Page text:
Blog

As I sit here, programming countless hours of exercise for the athletes that I care for, I often find myself struggling with making decisions about what workouts are truly best for the classes. The difficulty lies within me recalling specific athlete’s weaknesses and how I can’t program the whole class to perform the same thing because so-and-so has it as a weakness. I also find that developing the strength to perform some movements is not completely necessary for those that already have strength in that department. An example would be the pull-up. A lot of people are good at pull-ups, while many others cannot perform 1. How can these athletes be on the same program? How can I program the same volume in the shoulder when some athletes have great balance in the shoulder while many do not? There are many other factors that need to be considered as well. How much sleep is everyone getting? How much food are they eating and what is the quality of that food? What stresses are being put on everyone? How consistent or inconsistent are people being with their gym routine?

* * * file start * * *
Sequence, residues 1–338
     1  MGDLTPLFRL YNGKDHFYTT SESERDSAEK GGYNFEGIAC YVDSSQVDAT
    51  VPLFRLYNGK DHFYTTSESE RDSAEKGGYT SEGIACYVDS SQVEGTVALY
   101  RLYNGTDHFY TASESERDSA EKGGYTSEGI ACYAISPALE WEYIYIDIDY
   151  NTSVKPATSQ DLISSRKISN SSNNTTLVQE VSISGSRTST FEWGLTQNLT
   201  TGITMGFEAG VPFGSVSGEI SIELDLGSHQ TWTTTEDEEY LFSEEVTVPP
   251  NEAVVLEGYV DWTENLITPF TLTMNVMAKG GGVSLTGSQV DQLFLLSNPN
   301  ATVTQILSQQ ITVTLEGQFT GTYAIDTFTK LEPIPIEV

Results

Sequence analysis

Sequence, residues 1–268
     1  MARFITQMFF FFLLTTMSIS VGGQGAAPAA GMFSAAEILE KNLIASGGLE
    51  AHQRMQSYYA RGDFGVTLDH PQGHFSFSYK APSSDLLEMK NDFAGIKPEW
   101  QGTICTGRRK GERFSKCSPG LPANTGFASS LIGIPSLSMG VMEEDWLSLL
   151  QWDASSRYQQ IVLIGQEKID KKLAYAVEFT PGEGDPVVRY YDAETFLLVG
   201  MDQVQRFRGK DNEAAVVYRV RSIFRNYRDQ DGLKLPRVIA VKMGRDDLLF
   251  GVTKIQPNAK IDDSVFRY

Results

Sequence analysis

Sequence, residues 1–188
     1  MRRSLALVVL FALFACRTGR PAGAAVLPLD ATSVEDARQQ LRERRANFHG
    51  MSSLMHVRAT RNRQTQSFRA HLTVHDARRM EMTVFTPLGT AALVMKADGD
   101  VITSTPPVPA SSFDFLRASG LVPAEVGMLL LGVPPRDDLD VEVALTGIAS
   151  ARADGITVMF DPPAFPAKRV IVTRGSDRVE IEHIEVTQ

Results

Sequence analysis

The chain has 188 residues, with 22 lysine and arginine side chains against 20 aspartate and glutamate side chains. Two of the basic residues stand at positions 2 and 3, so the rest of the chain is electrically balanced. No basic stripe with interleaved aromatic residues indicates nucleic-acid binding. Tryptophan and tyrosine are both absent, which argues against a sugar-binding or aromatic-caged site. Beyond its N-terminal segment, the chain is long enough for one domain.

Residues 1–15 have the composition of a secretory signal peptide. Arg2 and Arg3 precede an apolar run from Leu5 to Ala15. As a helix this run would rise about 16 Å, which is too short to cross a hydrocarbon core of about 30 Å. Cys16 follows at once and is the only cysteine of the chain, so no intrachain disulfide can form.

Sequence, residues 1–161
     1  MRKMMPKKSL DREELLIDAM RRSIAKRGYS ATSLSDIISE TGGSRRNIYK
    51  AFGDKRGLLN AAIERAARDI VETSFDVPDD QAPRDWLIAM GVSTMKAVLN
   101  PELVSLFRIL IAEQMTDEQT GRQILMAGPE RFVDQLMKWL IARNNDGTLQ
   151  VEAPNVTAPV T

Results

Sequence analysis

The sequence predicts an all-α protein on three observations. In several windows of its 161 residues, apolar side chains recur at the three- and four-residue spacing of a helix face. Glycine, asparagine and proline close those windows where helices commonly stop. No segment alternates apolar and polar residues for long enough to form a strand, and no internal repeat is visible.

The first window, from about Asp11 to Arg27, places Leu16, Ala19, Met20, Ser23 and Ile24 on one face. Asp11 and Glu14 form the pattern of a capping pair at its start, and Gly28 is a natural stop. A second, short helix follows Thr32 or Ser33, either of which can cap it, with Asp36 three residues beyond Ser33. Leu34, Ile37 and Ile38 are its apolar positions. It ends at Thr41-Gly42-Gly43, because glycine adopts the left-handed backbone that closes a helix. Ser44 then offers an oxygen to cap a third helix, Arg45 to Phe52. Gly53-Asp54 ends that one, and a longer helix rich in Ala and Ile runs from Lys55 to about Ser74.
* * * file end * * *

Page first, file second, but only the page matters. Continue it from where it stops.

It is impossible for me to know and track all of these, for 100+ people, AND create a program that suites them all equally. This is the point: The program is a template to health and longevity. The workouts are designed for people to move with certain mechanics, consistently, and at a preconceived intensity and have everyone feel as though they had “fun” or accomplished something. That being the case, not everyone will perform 10 rounds of 5 pullups and 5 burpees the same at all! This means that every athlete needs to take their workout into their own hands and make some decisions about the work ahead. Given the above workout, if an athlete cannot perform pull-ups at all, then they should perhaps take the workout time to develop the strength in their lats and grip. Say they haven’t performed cardio for a while though, then just lower the reps and scale the pull-ups and keep the burpees. This way they can move fairly continuously throughout the workout and get some work on pull-ups and preserve the desired intensity with still doing burpees. This is not me saying that you have to coach yourself! The opposite really. You should be able to ask your coach for advice and that coach should be able to lay out several options that will do the job! 

What I plan on doing moving forward is to add options below the workouts that people can add or do instead in order to develop the strength and skills required to improve. They will be organized into different categories depending on the movement and there will be options for preserving stimulus while scaling. Through communication with the coaches and working on the things you need to improve, you can make the workouts exactly what YOU need.